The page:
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Federal District Court Orders New Trial in Tort Lawsuit Against Natural Gas Producer

Illustrating the importance of expert testimony in establishing a factual basis for private nuisance claims and damages in tort actions, a Pennsylvania federal judge vacated a $4.24 million jury verdict and granted a new trial in a case about alleged contamination from natural gas drilling. See Ely v. Cabot Oil & Gas Corp., Civil No. 3:09-CV-2284 (M.D. Pa. Mar. 31, 2017)

In 2009, plaintiff landowners sued defendant Cabot Oil & Gas Corp. for allegedly causing them injuries and property damage, including restricting their access to clean water, through its natural gas drilling operations. The plaintiffs originally brought claims for breach of contract, fraudulent inducement, private nuisance, negligence, negligence per se, medical monitoring, and violations of state environmental laws. When the case went to trial in 2016, only two claims—private nuisance and negligence—remained because the court had granted the defendant’s motions for summary judgment on all other claims.

At trial, the court granted the defendant’s motion for a directed verdict on the negligence claim. Thus, the jury only considered the private nuisance claim. Despite the case being so limited in scope, the jury returned a $4.24 million verdict for the plaintiffs. The defendant sought relief from the judgment.

While the court concluded that the defendant did not meet the high standard required for judgment as a matter of law, it vacated the jury verdict and ordered a new trial. In justifying its ruling, the court first stated that the evidence presented by the plaintiffs did not support the verdict. Specifically, the court looked to uncontradicted evidence that the water was contaminated prior to drilling and compared the speculative and disputed testimony from the plaintiffs’ expert witnesses with the stronger and more rigorous testimony from the defendant’s experts. Second, the court explained that the plaintiffs’ conduct at trial was prejudicial and improper because, among other actions, they did not abide by the evidentiary rulings and encouraged the jury to engage in speculation. Third, the court held that the damages award for the single remaining claim was unreasonable based on the limited testimony from the plaintiffs about their injuries.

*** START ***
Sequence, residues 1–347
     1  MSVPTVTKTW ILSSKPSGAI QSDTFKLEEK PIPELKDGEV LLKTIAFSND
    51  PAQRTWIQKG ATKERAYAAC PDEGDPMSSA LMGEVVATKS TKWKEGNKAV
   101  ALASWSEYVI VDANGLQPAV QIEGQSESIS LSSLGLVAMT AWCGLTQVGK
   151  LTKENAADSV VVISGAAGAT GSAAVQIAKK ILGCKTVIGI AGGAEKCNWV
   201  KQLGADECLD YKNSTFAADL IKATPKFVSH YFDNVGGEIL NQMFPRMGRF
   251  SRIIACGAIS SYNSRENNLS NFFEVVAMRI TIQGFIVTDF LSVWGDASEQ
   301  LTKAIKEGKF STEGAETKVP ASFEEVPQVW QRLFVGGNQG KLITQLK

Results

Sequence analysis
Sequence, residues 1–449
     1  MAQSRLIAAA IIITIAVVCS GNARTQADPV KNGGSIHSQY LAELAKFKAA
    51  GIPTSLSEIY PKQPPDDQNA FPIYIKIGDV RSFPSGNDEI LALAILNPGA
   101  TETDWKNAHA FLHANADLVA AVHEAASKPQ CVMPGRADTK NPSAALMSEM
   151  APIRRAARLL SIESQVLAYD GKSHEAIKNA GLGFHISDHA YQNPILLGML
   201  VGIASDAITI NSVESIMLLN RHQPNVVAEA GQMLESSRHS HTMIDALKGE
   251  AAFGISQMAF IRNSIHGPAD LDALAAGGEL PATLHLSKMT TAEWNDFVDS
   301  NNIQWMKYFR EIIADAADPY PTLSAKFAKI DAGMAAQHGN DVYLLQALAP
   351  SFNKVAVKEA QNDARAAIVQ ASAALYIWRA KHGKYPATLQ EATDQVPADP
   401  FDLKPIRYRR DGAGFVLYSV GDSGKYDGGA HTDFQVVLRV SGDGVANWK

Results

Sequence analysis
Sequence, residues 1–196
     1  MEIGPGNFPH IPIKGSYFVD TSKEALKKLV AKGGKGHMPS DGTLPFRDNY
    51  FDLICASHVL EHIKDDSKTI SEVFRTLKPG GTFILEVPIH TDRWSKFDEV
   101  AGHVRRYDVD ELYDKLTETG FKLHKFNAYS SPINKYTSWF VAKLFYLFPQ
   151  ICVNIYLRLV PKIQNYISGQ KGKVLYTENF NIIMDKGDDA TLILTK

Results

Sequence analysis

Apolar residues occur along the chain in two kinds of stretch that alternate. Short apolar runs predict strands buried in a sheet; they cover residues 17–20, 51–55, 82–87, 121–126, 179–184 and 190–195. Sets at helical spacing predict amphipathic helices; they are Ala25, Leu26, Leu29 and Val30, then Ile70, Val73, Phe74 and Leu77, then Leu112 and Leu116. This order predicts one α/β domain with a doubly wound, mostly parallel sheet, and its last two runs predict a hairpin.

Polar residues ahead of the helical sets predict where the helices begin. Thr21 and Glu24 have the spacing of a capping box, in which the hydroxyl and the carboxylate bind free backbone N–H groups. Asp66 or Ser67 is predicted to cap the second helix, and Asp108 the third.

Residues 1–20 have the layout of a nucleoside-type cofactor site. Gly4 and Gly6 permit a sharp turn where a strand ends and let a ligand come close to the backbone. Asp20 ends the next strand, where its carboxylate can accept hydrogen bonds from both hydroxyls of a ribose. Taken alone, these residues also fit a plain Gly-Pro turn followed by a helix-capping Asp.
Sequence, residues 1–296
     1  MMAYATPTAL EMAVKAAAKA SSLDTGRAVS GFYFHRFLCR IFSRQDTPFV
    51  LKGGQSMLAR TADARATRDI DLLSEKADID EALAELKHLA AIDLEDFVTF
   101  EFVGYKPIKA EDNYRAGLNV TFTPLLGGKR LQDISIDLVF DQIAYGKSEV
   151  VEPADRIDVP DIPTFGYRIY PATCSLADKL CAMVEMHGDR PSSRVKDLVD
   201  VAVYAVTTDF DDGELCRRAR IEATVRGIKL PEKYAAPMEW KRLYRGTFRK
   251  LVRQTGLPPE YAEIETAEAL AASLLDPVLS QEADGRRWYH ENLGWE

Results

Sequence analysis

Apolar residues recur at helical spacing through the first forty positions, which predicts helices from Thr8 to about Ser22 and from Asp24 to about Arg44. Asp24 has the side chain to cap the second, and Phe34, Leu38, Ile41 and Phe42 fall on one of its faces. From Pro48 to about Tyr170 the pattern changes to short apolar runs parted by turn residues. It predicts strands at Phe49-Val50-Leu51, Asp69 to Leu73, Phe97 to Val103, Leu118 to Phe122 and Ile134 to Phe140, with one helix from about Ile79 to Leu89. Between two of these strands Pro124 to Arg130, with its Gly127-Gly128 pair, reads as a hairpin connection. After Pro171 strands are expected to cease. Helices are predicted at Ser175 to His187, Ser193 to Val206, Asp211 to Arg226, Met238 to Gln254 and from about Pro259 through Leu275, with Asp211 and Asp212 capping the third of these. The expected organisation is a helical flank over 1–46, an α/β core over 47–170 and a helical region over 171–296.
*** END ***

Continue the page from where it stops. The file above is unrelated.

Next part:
By Katrina Krebs

© 2018 Beveridge & Diamond PC


About this Author

Graham C. Zorn, Environmental Law Attorney, Beveridge Diamond Law Firm

Graham C. Zorn is an Associate in the Washington, D.C. office of Beveridge & Diamond, P.C., with a general litigation, regulatory, and environmental practice.  Graham has represented individual businesses, trade associations, and municipalities in compliance, enforcement, and counseling matters involving the Clean Air Act, the Clean Water Act, CERCLA and other state and federal statutes.  He has worked extensively on a series of complex products liability and toxic tort cases related to alleged groundwater contamination involving a gasoline additive.  Graham has also counseled domestic...

Eric Klein, environmental attorney, Beveridge & Diamond, P.C.

Eric L. Klein is an environmental civil litigator and regulatory counselor in the Washington, D.C. office of Beveridge & Diamond, P.C.  He has handled cases in state and federal courts throughout the United States, litigating a variety of complex civil and commercial matters before juries, trial and appellate courts, arbitrators and administrative tribunals.  Mr. Klein frequently litigates both statutory and common law claims, and specializes in challenging and defending technical experts in the litigation of complex environmental torts.